It is not easy to remove every possibility of waste, but hiring qualified experts with Green Belt courses can prove fruitful. These experts can identify the issues or the waste types that reduce your project value. They analyze the current situation, identify triggers, and curate strategic plans to ensure project success. If your choice of experts is apt, you can rest assured that Six sigma waste elimination will never be an issue!  

    The most significant waste factor includes downtime in Six Sigma and lean waste. It might happen due to candidates sitting idle and not giving their best or one team waiting for the other to complete a connecting task and sitting idle till then. Companies try to find solutions to eliminate waste by replacing the dead weight with something more fruitful. Furthermore, they bring the necessary tools and techniques into the picture to improve the project’s potential by eliminating the waste factors. Simple things they do to ensure negligible downtime are: 

    • Ensuring that the company operations happen smoothly and seamlessly so that the teams working together do not have to waste time waiting.  
    • Giving relevant tasks to people, keeping their abilities or talents in mind to ensure no resource gets wasted when the project is in process.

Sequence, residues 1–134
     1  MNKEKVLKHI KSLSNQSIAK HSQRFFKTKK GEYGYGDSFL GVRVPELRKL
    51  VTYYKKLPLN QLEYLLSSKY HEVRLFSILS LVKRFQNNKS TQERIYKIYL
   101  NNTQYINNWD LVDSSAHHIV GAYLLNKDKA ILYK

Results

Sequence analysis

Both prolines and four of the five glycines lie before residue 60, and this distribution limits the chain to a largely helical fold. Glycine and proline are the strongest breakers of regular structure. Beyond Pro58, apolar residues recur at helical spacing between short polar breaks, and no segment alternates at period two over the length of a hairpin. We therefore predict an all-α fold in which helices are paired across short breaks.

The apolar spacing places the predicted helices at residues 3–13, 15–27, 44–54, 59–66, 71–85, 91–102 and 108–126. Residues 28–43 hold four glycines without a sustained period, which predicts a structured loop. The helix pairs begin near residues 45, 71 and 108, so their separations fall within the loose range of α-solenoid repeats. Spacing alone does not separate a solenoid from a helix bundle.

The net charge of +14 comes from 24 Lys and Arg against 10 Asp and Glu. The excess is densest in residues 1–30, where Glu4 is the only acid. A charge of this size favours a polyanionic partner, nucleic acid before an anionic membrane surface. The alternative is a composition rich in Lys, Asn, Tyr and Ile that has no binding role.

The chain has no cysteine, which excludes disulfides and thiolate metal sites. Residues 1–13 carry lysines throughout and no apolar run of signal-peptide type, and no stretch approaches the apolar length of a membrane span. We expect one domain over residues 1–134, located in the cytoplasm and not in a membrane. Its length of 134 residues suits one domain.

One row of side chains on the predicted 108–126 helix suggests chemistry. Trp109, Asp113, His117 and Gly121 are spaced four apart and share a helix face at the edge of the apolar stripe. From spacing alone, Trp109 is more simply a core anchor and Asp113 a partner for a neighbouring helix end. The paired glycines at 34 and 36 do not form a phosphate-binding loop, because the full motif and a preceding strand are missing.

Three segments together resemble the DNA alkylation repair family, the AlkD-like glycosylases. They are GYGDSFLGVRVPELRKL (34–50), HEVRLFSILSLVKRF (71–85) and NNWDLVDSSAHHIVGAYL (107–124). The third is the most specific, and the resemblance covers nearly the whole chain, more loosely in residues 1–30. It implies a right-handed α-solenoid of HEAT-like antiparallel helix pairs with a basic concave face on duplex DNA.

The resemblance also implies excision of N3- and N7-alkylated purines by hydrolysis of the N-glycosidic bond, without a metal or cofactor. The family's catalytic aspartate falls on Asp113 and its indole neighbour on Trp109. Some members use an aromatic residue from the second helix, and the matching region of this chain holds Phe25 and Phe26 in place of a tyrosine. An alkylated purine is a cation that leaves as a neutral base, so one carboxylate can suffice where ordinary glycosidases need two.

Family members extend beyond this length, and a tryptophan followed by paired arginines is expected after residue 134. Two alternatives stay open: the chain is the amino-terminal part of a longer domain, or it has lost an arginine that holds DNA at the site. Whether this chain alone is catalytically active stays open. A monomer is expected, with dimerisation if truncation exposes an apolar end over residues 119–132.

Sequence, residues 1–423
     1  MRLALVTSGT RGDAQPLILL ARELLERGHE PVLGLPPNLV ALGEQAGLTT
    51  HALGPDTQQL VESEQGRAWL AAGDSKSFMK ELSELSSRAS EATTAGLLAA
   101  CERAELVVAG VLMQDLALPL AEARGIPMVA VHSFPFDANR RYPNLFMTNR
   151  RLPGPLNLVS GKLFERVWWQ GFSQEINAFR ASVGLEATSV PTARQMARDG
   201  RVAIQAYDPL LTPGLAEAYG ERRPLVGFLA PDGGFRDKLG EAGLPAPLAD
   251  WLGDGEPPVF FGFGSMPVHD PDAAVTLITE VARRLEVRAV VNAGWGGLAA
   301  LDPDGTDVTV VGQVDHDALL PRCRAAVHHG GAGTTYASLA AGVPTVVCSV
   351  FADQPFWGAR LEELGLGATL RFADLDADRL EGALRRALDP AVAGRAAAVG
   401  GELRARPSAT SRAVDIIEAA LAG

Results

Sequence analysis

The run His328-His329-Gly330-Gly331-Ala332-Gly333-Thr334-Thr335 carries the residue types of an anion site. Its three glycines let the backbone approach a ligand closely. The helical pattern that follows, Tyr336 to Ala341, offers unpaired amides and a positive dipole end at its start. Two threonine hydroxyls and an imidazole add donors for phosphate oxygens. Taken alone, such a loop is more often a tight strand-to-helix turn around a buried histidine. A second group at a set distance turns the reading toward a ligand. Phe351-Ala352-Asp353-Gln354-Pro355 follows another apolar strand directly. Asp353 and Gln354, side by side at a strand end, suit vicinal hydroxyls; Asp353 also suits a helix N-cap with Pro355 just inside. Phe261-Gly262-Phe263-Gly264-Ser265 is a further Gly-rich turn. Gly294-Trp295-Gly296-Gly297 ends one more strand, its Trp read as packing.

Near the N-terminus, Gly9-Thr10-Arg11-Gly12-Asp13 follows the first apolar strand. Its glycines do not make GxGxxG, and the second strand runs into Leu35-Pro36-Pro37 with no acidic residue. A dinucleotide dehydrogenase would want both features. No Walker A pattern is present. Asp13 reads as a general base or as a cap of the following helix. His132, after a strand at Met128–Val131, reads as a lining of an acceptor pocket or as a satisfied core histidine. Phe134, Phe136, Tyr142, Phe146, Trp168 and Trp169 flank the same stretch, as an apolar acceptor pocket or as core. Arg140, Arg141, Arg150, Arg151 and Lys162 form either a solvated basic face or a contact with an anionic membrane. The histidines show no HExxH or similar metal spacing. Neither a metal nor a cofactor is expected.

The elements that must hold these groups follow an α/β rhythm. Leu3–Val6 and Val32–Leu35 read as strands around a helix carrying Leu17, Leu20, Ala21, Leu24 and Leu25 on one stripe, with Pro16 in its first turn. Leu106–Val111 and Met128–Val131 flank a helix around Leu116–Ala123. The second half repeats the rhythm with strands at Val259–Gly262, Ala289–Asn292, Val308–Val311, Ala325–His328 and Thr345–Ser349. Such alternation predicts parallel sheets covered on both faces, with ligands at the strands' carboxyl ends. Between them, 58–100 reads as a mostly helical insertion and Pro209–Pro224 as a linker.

• Eliminating the downtime that happens due to a shortage of resources or other factors. For example, people might have to wait till management starts the meeting or till the higher authorities provide them with the required resources.  
    • Organize the inventory and the administrative task, leaving no stone unturned in achieving zero downtime and maximum productivity levels.  

    There are multiple other strategies or proven techniques that every organization uses for Six sigma waste reduction. The question that might arise here is, what exactly happens if you do not remove waste or why is it necessary to remove them from your project? Let us dig deeper and discuss this in detail.  

    Boost your project management exam success with our project management courses. Achieve certification and elevate your career!

    8 Wastes Examples

    There are countless examples for each of the 8 types Six Sigma waste. We have categorized the real-life examples accordingly to help you understand them better.